In 1881 a stage line was established between Blackfoot and Hailey which came over Bradley Hill. Clark T. Stanton, the present probate judge of Jerome County, Idaho, was a scout with Colonel Green during the Bannack Indian War in 1878, when the Bannack of Fort Hall, led by Chief Buffalo Horn, and the Pahute of Malheur, led by Chief Egan, went on the warpath because the national government opened to settlement Camas Prairie, which had been reserved to the Indians. Colonel Green crossed Wood River where the old Emigrant crossing was, went east to Lost River near where the town of Mackay is now, and on to Challis, thence northeast to the old Lemhi Indian agency. General Miles took up the trail there and Mr. Stanton returned by way of the Salmon River, Cape Horn, Redfish Lakes, and down by Atlanta.

While writing of pioneers it may not be amiss to state that in 1824, the Snake River expedition of 140 persons, led by Alexander Ross, trapped the Lemhi and Salmon Rivers southward, thence to Lost and Wood Rivers. But a trapper is not a pioneer. His aim is to leave the country as he found it, except for the establishing of fur trading posts. He makes no other improvements. He is opposed to any improvements as that is inimical to his chosen calling. Webster defines the word pioneer as, “One who goes before, as into the wilderness, preparing the way for others to follow; as, pioneers of civilization.” The word trapper he defines as, “One who traps; esp., one who makes a business of trapping animals for their furs.”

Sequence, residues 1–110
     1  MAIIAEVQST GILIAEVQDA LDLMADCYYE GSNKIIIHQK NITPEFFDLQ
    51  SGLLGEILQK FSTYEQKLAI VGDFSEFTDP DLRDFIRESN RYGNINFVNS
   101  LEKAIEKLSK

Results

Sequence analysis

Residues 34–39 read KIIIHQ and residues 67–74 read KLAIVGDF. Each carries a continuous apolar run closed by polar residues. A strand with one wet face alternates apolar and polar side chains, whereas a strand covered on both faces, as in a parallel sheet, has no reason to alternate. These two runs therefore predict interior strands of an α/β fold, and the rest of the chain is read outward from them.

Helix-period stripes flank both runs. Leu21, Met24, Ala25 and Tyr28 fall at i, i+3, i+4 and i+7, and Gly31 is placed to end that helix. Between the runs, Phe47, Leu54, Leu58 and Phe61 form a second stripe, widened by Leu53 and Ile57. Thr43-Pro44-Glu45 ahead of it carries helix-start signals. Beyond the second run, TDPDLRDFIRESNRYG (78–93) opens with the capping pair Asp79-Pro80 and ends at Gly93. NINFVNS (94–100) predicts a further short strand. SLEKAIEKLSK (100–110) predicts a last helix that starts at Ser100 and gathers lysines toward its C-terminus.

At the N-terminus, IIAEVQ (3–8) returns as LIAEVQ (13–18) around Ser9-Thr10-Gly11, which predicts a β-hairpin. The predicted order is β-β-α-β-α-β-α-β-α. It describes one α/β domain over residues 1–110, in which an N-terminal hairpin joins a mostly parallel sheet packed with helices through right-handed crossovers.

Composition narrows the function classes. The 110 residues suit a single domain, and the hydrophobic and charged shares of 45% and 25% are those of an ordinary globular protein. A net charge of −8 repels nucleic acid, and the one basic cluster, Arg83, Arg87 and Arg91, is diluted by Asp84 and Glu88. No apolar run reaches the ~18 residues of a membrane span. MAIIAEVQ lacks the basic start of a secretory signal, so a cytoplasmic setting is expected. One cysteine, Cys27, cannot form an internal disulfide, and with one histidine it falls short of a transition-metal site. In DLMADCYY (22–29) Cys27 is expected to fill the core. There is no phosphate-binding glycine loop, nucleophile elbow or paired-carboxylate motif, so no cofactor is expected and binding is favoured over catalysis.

In the summer of 1879 Archie Billingsley drove cattle into Carey Valley, and moved his family there the following year. He was the first settler there. James Carey was the first postmaster and the town derives its name from him. The Post Office and the first schoolhouse in the valley were situated on his ranch. Other settlers soon followed. The soil of the valley is very productive, a part of which is watered by Little Wood River. The town of Carey has a grade school and an accredited high school, a fine L. D. S. church, stores, garages, etc. It is situated about eight miles in an easterly direction from Picabo.

In May, 1880, Patrick McMonigle and Joseph A. Meadows settled on Deer Creek and took up land. They were the first settlers there. On October 4, 1880, L. C. Dorsey and wife settled on Rock Creek on the ranch now owned by Rodney R. Brown. But the snow was so deep that winter that they did not wait for it to leave but moved into Hailey and bought a lot. The townsite of Hailey was being laid out at that time in 1881. Mr. Dorsey lived here until his death in 1916. Mrs. Dorsey still lives here and conducts a store.